The mission of the Connecticut Judicial Branch is to serve the interests of justice and the public by resolving matters brought before it in a fair, timely, efficient and open manner.

Election Law Supreme Court Opinion

by Booth, George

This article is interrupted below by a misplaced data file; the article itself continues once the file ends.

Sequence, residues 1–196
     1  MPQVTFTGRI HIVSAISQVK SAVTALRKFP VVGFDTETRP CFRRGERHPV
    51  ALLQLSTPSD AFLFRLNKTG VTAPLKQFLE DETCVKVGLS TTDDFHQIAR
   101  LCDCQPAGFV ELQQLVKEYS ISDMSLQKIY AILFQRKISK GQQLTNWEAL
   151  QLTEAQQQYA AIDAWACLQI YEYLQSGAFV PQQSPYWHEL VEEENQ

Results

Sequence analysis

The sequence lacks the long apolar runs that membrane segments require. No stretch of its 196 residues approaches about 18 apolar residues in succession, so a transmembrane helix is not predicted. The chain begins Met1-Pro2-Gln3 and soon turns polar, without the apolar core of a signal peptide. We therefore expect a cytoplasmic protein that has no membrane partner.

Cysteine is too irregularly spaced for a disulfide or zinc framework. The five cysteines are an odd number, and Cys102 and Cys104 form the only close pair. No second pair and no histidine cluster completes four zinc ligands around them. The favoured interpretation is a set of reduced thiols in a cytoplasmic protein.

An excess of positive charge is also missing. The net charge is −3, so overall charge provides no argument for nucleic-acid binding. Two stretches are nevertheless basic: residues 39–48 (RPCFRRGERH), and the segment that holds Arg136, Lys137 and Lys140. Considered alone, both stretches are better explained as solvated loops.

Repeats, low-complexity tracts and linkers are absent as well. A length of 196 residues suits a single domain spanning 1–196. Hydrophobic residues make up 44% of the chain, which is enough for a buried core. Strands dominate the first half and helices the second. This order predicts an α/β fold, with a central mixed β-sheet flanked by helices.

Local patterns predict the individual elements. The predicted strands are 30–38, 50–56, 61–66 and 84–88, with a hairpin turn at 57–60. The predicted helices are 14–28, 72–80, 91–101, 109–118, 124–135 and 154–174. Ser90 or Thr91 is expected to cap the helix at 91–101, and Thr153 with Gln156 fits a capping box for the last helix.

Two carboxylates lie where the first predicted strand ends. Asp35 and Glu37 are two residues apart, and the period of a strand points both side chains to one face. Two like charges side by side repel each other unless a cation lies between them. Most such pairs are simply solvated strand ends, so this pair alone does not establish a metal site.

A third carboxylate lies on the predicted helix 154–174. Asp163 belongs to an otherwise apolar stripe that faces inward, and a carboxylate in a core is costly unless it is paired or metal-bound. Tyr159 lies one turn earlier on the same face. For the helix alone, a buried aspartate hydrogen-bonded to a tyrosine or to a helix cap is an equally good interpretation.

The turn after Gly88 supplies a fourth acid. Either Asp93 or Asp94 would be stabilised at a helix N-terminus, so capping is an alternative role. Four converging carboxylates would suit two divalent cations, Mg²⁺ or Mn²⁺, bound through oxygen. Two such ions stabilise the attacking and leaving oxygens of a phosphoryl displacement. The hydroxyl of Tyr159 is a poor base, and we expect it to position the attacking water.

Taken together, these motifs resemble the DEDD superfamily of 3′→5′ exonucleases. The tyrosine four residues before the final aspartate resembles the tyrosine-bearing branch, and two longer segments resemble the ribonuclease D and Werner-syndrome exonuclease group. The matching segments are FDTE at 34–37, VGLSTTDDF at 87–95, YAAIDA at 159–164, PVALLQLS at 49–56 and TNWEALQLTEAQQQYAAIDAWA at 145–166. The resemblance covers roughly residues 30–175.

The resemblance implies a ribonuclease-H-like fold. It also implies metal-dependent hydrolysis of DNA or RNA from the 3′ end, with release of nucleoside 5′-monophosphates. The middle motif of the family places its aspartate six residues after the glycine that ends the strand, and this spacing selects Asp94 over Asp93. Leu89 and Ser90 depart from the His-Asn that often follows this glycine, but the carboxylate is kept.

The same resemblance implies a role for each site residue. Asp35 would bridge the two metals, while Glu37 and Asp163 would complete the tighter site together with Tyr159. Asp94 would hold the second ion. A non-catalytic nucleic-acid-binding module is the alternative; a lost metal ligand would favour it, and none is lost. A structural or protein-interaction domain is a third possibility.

SC20029, SC20040 - Keeley v. Ayala (Elections; primaries; action brought by aggrieved candidate pursuant to statute (§ 9-329a) to challenge absentee balloting process during special primary and seeking order directing new special primary; reservation of questions of law; appeal from trial court's judgment; "This appeal requires us to interpret and apply various statutory provisions that govern the casting of absentee ballots in a municipal primary election. On November 14, 2017, a special primary was held in the city of Bridgeport to nominate candidates from the Democratic party to run in the general election for two seats on the Bridgeport City Council. After the results of the Democratic special primary were determined, the plaintiff, Robert T. Keeley, Jr., a losing candidate, challenged them pursuant to General Statutes § 9-329a, claiming that several improprieties in the absentee balloting process had undermined the reliability of the outcome. Following an expedited hearing, the trial court agreed with three of the plaintiff's claims of impropriety and ordered, as a remedy, that a new special primary be held. The defendants, a winning candidate and certain city officials involved in the election process (city defendants), thereafter filed with the trial court a reservation of four questions of law, which that court certified and transmitted to this court for review pursuant to General Statutes § 9-325. The defendants also filed an appeal raising the same issues as those raised in the certified questions. The defendants claim that the trial court improperly concluded that (1) General Statutes § 9-140b (a) prohibits a party official or candidate from directing a police officer to retrieve absentee ballots from electors and to deliver them to the town clerk, (2) certain absentee ballots were not "mailed," as contemplated by § 9-140b (c), and (3) supervised absentee balloting at a certain nursing home did not comply with the statutory provisions governing that process. The defendants also claim generally that the trial court improperly allocated the burden of proof applicable to the proceedings, effectively placing on them the burden of disproving the plaintiff's allegations. We agree with the defendants' third claim but disagree with their remaining claims. Because the number of absentee ballots invalidated as a result of our disposition of the issues remains sufficiently high to place the reliability of the November 14, 2017 special primary results seriously in doubt, we affirm the judgment of the trial court ordering a new special primary.")